Loop invariants and prolog's relational state structures


I recently was listening to a few talks on loop invariant indicating the meaning of a loop, when implemented in procedural languages.

It then occurred to me that the manner predicates are relationally defined over successive states-- aren’t these precisely expressions of loop invariants.

Hence declarative programming in fact means making loop invariants describe relational meaning which then also does the work.

And, aren’t hence, (pure) prolog declaration the basis for proofing correctness of the algorithm so implemented …

All those talks looked at working out what the loop invariant is based on some imperative code – i guess, in prolog the programmer thinks hard to explicitly work out the loop invariant – which is, essentially, the code that performs the computation via prolog.

anyway, just some thoughts …

In Hoare logic, which is often used in the context of verifying procedure correctness, loop invariants are used to make explicit some implicit property that the loop maintains, but the loop invariant does not indicate the meaning of the loop per se. Instead, the loop invariant simply refers to the assertion P in the while rule of Hoare logic:

{P /\ b} c {P}
{P} while b do c {P /\ -b}

Where b is a boolean expression and c is some command (the body of the loop).
So the loop invariant is nothing less and nothing more than an assertion P whose conjunction with the boolean condition of the loop b entails that P remains true after the body of the loop, hence if the loop terminates we are guaranteed that P and the negation of b both hold. From P /\ -b together we may be able to prove that the result of the while loop is correct is respect to some stated property (which may be “the meaning of the loop”).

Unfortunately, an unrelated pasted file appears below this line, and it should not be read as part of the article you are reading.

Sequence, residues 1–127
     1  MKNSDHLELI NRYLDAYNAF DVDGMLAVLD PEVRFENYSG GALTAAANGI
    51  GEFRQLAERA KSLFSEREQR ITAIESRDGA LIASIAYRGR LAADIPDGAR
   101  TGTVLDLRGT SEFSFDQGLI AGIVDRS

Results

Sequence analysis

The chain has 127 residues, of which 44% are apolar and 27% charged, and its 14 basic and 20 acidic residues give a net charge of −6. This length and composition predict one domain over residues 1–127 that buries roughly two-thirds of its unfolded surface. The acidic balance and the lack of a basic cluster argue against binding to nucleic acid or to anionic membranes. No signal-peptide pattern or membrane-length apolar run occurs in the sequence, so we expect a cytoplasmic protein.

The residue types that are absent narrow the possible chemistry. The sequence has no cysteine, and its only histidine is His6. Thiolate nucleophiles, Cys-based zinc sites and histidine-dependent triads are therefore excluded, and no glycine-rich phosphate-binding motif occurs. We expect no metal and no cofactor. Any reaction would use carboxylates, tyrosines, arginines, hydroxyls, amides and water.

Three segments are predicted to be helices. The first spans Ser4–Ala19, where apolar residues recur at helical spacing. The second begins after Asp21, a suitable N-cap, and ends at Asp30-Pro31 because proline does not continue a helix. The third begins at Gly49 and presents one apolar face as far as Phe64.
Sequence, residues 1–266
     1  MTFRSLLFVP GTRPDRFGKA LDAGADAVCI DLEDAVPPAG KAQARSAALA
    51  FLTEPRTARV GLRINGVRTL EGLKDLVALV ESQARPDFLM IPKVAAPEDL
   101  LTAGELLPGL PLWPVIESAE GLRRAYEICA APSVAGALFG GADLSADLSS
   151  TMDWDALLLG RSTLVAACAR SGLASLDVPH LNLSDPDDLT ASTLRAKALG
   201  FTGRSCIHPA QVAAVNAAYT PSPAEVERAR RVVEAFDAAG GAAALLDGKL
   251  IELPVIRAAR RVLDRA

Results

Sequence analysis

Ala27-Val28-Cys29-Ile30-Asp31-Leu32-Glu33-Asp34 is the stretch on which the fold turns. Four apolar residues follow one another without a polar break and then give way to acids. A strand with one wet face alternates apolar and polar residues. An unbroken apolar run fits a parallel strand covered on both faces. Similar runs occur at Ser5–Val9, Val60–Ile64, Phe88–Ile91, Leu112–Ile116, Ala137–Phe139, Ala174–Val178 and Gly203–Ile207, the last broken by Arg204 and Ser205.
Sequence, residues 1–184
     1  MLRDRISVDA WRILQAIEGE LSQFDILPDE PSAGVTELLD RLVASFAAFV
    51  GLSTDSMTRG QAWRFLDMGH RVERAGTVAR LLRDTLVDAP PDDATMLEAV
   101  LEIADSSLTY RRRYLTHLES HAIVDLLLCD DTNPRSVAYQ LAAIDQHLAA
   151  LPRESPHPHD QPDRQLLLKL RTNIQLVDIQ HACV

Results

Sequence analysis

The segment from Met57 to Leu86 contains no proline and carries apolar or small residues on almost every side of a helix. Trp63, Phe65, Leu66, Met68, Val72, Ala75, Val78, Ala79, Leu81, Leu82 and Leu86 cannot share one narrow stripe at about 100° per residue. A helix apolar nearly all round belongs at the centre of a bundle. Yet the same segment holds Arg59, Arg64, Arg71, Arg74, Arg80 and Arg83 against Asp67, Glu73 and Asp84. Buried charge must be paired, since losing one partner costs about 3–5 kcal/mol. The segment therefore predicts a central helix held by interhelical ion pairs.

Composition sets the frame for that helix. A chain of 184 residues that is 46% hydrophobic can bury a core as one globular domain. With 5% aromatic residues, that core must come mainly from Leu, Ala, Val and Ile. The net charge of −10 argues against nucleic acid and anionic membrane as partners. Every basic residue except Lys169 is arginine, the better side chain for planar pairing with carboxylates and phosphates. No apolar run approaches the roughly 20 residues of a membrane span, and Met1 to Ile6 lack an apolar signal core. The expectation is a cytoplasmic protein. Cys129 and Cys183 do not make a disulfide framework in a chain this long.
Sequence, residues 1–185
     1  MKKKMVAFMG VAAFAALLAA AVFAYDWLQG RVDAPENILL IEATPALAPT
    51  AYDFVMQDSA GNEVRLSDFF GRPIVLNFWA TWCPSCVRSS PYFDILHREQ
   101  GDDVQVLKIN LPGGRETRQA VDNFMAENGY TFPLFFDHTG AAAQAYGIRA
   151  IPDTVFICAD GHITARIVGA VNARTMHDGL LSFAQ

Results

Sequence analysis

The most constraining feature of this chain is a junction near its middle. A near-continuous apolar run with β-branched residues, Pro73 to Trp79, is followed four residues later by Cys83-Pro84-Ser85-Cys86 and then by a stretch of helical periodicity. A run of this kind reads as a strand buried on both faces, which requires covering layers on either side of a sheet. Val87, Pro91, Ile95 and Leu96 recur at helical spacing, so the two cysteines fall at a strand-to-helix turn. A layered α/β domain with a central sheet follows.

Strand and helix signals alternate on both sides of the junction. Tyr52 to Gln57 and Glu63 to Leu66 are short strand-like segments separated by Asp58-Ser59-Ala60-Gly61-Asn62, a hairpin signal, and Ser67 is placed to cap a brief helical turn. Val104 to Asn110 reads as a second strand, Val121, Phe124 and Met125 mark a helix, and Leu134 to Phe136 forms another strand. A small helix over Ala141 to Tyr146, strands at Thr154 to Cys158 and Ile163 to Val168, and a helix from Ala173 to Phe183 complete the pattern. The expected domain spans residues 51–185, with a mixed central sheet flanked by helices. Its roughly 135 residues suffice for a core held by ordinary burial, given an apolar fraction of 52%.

thank you.

I must have misunderstood what the loop invariant is about …

In the end, our loops are recursive predicates and these typically follow the scheme of a mathematical proof by induction. At least, that is my naive view on this. Educated in Eindhoven, where Dijkstra (I think the inventor of loop invariants) was professor, I can’t say I used this way of thinking for Prolog.

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When mathematical induction is applied to describe the evolution of states, that’s when I thought, the inductive description becomes the loop invariant in that it describes what is true at the beginning and each end of a loop.

anyway, its just a little mind-game to see if concepts across different discipline relate …